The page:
Hairstyles and clothing reveal the sculptures 1980s origins. One woman sports a headband and what is supposed to be a tennis skirt. She seems ready to knock herself unconscious as she jogs through the bedspring. A man and woman hold the hands of a child swinging between them; the woman looks like a linebacker in her shoulder pads. The trio has frozen expressions of glee, apparently happy to be exiting the bedspring.
I hate this sculpture. Every time I drive past it, I have to resist the urge to hit the gas, veer to the right and plow my mini-van into it. All the while Im thinking, Ive got airbags and a seatbelt, this is doable.
How can you create a physical tribute to something as abstract as a disease, something that only makes itself visible when it creates human suffering? How do you make a monument about overcoming disease? The Pestsule (Pest Column) in Vienna is one amazing, campy seventeenth- century example. Erected in 1693 at the behest of Emperor Leopold I, the monument marks the end of the horrific plague of 1679. Now theres a monument. Yes, its figurative, but its over-the-top and baroque, packed with Biblical stories and loaded with un-PC allegorical allusions like an old hag with sagging breasts to indicate decay and dissipation. It alludes to triumph over adversity, but it does not illustrate it. There are no plague victims with shrinking boils. Figures emerge from cloud-like masses of carved stone and culminate at the columns pinnacle in a gilded symbol of the holy trinity.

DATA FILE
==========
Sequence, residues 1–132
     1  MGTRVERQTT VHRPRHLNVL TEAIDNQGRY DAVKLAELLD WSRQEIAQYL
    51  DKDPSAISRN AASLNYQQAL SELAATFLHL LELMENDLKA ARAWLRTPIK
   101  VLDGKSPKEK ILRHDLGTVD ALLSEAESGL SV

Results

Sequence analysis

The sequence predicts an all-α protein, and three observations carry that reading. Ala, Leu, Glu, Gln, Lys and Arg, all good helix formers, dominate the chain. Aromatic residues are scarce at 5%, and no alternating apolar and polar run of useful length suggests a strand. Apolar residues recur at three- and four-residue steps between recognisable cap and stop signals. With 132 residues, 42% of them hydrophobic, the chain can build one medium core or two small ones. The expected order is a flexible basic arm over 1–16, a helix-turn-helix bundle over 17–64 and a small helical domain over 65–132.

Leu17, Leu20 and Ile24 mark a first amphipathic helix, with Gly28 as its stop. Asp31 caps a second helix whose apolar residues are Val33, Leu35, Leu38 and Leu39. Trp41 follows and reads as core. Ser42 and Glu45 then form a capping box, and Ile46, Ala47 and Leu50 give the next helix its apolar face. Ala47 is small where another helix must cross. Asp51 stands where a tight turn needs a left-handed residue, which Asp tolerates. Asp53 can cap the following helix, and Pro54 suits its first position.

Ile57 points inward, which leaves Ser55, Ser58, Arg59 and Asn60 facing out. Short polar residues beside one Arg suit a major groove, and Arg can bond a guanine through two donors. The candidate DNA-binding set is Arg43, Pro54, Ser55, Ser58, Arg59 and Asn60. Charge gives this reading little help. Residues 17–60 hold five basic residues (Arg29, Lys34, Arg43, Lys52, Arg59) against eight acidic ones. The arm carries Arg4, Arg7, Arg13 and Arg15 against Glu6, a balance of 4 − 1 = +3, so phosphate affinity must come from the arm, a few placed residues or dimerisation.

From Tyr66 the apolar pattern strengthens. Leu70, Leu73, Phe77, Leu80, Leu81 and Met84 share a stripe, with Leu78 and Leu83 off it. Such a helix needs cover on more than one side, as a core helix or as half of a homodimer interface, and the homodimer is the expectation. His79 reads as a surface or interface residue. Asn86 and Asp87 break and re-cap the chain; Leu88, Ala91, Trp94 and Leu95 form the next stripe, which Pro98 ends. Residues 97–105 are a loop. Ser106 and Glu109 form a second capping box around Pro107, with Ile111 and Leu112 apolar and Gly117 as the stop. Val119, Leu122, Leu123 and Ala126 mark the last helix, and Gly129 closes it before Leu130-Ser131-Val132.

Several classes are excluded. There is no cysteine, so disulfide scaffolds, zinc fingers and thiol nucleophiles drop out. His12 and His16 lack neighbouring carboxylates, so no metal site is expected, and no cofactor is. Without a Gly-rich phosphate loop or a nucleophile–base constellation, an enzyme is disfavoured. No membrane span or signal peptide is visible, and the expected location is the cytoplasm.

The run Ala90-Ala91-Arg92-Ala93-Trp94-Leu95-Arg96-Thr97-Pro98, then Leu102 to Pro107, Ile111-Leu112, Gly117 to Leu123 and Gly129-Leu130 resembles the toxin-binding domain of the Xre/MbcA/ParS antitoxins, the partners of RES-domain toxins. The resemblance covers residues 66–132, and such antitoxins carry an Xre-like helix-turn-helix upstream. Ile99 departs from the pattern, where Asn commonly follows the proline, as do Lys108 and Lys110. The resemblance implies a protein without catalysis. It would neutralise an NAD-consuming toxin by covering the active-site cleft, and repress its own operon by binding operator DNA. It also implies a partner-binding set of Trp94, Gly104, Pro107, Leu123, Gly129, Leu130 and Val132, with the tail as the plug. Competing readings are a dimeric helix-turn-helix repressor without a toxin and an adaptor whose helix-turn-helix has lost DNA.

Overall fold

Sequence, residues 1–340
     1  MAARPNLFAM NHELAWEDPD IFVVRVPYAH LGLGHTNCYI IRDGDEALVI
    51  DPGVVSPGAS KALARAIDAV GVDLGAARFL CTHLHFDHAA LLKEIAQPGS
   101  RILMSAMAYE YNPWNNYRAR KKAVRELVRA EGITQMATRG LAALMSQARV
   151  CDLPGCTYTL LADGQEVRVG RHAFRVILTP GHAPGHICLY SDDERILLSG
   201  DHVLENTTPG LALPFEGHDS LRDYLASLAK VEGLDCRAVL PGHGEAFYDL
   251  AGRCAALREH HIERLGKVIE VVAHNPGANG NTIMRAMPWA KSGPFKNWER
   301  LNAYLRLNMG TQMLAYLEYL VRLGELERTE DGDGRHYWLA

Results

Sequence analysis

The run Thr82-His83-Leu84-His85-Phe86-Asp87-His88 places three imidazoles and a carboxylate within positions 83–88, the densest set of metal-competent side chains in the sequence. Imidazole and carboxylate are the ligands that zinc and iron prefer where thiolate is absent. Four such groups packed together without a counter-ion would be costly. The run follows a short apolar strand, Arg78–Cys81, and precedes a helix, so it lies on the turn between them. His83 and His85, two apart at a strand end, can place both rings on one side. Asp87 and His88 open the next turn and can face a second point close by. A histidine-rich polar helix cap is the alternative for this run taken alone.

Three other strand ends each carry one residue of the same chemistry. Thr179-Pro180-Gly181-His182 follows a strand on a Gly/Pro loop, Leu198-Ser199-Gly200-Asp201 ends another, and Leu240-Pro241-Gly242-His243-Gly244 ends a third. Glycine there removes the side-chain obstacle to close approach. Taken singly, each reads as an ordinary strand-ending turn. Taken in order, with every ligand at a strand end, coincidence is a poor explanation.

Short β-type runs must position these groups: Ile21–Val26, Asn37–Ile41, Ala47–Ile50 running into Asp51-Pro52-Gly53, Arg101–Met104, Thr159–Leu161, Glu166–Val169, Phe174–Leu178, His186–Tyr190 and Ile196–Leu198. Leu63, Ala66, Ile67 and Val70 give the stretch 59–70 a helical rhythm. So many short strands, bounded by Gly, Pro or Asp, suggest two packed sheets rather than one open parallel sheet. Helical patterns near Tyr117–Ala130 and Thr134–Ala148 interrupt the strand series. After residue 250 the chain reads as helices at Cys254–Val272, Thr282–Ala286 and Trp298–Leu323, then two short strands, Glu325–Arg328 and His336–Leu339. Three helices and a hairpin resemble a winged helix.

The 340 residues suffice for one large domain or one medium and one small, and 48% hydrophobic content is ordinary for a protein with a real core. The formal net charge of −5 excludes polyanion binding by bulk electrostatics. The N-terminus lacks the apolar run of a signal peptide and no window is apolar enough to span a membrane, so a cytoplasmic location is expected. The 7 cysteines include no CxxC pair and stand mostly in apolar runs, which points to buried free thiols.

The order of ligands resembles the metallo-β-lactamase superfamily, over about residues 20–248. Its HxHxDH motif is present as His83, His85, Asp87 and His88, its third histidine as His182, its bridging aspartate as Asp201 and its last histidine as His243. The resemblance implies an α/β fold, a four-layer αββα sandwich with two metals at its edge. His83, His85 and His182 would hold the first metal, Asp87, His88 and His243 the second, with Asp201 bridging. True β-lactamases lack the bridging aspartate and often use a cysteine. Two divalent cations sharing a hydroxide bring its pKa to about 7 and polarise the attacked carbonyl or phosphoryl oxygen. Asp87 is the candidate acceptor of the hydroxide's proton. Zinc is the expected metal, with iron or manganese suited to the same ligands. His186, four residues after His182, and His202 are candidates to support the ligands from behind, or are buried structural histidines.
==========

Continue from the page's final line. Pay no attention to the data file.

Meanwhile, in sappy, feel-good, ber-positive America, we have a bunch of Barbie dolls skipping through a slinky. The blochcancer.org website also informs us that, The back five figures are cancer patients and their supporters preparing to enter treatment, which is represented by the maze. It asks us to notice the fear, determination and hope on their faces in contrast to the joy on the front three, signifying successful treatment.